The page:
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U.N. Salvador report prompts U.S. criticism.

WASHINGTON - In light of the U.N. Truth Commission's report on El Salvador, the U.S. should end all military aid to the Central American nation, Massachusetts Democrat Rep. Joe Moakley said last week.

"It is my personal view that no further U.S. military aid should be delivered or obligated to El Salvador as long as senior military officers named in both the Truth Commission and the Ad Hoc Commission reports remain in uniform," said Moakley. The report named Gen. Rene Emilio Ponce and four other members of the High Command as officers responsible for the Jesuit murders.

Moakley headed the 1989-92 Speaker's Task Force on El Salvador charged with monitoring the investigation of the 1989 murders of six Jesuit priests, their housekeeper and her daughter. He said the report confirmed his long-held belief that the military high command had been involved in the murders.

In a statement issued last week, the U.S. Jesuit Conference said: "As long as they remain in office, Ponce and his coconspirators are living symbols of a Salvadoran military which cannot be held accountable for even the most heinous human rights violations."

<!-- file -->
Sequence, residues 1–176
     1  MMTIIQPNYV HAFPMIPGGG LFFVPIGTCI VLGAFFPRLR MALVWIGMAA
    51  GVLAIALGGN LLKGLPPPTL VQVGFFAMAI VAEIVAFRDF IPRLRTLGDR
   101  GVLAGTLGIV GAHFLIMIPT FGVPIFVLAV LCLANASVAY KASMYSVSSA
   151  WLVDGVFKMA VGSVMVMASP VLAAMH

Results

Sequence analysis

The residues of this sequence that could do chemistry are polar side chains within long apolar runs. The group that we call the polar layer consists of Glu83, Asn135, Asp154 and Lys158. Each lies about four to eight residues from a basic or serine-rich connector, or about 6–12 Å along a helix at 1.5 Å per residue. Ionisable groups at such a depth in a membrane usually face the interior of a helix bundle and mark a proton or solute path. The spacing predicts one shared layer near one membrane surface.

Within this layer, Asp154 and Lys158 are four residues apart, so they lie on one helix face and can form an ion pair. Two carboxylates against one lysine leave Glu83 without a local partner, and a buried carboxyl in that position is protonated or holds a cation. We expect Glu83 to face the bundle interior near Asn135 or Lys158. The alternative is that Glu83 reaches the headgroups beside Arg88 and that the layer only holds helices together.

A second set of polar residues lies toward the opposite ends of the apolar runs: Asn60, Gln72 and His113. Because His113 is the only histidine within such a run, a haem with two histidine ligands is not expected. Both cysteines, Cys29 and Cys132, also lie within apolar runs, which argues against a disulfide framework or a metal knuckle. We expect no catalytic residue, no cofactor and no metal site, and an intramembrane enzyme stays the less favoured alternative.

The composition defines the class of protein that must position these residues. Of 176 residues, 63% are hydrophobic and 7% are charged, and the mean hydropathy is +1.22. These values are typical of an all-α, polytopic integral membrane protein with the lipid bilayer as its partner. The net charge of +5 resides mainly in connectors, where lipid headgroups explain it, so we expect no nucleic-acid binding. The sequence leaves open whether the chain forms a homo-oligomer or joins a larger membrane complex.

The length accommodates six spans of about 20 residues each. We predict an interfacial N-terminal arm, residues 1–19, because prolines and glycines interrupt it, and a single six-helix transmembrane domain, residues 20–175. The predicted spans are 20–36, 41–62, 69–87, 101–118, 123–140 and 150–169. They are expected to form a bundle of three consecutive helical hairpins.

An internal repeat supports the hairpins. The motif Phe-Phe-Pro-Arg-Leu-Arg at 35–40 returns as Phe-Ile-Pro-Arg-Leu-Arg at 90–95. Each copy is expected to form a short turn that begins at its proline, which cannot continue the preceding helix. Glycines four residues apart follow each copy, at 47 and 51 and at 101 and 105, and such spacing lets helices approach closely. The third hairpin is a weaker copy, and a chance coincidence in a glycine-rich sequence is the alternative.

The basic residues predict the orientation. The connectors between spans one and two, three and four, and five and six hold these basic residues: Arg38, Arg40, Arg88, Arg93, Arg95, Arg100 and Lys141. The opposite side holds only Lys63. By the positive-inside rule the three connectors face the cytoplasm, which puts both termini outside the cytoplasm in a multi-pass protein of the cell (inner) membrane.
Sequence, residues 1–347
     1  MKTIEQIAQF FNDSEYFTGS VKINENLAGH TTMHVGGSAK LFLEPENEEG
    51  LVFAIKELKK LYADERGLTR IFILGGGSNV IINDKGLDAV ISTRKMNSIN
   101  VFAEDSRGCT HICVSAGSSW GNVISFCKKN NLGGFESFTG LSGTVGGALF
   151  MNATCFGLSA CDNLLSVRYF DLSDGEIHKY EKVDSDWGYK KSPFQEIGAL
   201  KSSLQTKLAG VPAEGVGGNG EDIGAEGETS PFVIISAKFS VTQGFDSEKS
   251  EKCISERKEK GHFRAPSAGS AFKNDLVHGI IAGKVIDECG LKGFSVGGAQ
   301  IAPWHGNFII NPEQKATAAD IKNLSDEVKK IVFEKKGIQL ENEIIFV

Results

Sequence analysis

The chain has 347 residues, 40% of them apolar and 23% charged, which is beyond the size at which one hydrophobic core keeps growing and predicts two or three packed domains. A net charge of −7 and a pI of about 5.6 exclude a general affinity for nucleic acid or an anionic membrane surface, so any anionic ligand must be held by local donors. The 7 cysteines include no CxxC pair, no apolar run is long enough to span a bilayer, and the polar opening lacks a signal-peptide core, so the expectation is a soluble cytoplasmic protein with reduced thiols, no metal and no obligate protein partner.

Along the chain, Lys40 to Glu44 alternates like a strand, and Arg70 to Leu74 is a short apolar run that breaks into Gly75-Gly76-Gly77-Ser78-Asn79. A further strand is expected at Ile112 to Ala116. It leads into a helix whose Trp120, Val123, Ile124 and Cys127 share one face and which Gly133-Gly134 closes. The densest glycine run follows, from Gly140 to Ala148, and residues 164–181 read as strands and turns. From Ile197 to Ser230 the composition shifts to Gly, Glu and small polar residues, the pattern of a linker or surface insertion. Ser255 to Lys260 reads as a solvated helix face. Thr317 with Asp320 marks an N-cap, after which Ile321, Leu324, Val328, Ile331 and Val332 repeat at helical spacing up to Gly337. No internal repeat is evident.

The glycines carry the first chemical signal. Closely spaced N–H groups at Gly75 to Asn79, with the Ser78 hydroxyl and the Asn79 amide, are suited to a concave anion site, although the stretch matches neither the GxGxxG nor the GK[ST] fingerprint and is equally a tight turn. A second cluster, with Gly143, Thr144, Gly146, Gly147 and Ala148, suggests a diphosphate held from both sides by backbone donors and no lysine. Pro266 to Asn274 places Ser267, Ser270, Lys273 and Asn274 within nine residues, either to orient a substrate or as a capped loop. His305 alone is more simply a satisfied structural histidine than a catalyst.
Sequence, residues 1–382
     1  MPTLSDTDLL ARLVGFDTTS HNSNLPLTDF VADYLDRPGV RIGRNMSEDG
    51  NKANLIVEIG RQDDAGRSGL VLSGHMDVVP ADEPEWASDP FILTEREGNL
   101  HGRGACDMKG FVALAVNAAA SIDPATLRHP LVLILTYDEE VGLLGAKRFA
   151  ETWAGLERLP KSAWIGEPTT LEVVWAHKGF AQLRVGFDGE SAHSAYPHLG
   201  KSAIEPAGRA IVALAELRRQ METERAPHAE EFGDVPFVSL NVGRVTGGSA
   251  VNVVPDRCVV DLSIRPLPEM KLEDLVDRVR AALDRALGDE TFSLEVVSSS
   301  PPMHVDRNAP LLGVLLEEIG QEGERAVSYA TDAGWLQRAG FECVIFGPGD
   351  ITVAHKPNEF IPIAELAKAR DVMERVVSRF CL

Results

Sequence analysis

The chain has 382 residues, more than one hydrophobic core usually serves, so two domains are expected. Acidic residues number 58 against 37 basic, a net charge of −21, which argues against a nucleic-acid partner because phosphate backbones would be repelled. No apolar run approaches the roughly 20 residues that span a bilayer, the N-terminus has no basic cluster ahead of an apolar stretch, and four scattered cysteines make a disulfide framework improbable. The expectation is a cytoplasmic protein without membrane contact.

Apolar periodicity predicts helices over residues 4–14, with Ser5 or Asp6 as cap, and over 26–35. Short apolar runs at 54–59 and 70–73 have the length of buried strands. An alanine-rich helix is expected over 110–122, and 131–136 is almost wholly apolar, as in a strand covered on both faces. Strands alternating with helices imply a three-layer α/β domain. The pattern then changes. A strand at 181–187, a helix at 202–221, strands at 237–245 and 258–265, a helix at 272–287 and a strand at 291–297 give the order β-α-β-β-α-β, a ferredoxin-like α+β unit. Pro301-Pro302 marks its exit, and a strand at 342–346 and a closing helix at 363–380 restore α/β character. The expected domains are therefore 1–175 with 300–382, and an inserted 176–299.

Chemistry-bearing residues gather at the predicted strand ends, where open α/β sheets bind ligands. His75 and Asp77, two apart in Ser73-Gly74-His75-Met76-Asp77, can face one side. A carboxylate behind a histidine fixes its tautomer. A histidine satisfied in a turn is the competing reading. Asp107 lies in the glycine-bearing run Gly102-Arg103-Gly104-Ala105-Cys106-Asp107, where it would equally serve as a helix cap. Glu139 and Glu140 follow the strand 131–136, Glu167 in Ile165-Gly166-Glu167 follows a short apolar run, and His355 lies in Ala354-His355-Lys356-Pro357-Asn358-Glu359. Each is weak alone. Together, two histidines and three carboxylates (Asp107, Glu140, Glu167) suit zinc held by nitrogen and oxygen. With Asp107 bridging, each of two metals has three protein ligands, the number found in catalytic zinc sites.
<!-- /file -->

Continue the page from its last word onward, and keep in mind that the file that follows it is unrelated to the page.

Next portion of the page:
"President Cristiani's call today for an immediate amnesty for all those accused by the Truth Commission is premature unless and until the accused somehow indicate that they accept responsibility for those crimes," the statement said.

Thomas Quigley of the U.S. Catholic Conference said the intellectual authors of crimes committed in El Salvador must continue to be identified.

"As in Argentina and Chile, the first thing the church insisted is that the truth be known, not covered up," said Quigley, the bishops' Latin American adviser.

According to former U.S. Ambassador to El Salvador Robert White, "The whole backdrop to the report that is missing is the U.S. role in not only tolerating violence in El Salvador but also encouraging it." White is president of the Center for International Policy.

Said Cindy Buhl of the Central American Working Group, "The commission findings are no surprise to the Reagan-Bush policymakers who knew human rights crimes were occurring in El Salvador but denied the truth." The Working Group is a coalition of 45 national religious and human rights organizations.

"The report of the commission reminds us that peace consolidation is far from over," said Heather Foot, Washington representative for the Unitarian Universalist Service Committee.

"The daily exercise of democracy, including investigatory and judicial procedures that function for the average Salvadoran, will require full implementation of commission recommendations."

Said legislative coordinator Bonnie Tenneriello of the Washington Office on Latin America, "The Truth Commission report only underlies how important it is to comply with the Peace Accord Ad Hoc Commission recommendations to purge the military."
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Title Annotation:El Salvador death squads investigation
Author:Vidulich, Dorothy
Publication:National Catholic Reporter
Date:Mar 26, 1993
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